The leaders of one Minnesota city are putting on the brakes when it comes to new drive-thrus in their community.
The Minneapolis City Council unanimously approved a measure last week that bans any new drive-thrus from being built in the city, KMSP reported.
Council members said it will cut down on exhaust from vehicles as they idle as drivers wait for food, which will help the environment.
The measure will also limit parking lot sizes and improve pedestrian safety.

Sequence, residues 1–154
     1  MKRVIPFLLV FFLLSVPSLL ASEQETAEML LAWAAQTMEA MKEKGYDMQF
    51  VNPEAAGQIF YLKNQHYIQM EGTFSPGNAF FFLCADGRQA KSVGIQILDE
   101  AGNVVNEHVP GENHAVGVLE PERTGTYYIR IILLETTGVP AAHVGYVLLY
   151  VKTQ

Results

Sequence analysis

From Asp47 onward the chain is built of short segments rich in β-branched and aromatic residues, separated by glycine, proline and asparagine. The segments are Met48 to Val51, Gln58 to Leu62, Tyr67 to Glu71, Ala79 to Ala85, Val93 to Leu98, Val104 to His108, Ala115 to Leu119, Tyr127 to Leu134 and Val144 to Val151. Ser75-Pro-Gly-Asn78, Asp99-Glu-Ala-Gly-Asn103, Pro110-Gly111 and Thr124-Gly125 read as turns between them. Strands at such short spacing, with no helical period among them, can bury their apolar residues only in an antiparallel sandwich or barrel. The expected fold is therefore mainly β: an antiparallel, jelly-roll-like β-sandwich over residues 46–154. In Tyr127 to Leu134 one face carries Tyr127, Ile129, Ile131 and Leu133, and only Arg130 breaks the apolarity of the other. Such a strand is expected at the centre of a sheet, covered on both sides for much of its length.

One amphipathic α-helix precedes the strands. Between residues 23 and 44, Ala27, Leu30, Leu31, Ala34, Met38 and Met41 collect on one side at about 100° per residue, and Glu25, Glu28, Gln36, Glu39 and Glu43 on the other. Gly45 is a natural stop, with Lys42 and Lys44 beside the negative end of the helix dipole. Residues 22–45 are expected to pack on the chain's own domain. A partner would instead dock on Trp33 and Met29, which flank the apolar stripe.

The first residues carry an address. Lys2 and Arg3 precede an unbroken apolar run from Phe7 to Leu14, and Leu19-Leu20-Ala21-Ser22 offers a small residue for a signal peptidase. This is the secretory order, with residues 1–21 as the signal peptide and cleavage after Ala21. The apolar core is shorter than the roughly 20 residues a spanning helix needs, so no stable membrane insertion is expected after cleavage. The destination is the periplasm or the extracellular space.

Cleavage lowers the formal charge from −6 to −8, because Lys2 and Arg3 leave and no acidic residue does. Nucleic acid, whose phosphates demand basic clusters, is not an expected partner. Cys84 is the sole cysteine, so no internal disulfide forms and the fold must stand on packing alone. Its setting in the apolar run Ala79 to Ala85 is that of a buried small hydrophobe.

But not everyone is happy with the change.
Disabled drivers said that drive-thrus allow them to get food and medication, Minnesota Public Radio reported.
Existing drive-thrus, as well as applications that were submitted before the law was passed, will not be affected by the new ordinance, according to MPR.
The new law is part of an effort called Minneapolis 2040 that will also start doing away with gas stations in the city and mandatory parking regulations, CNET reported.
City leaders hope to cut greenhouse gas emissions by 80% by 2050 through these measures, CNET reported.
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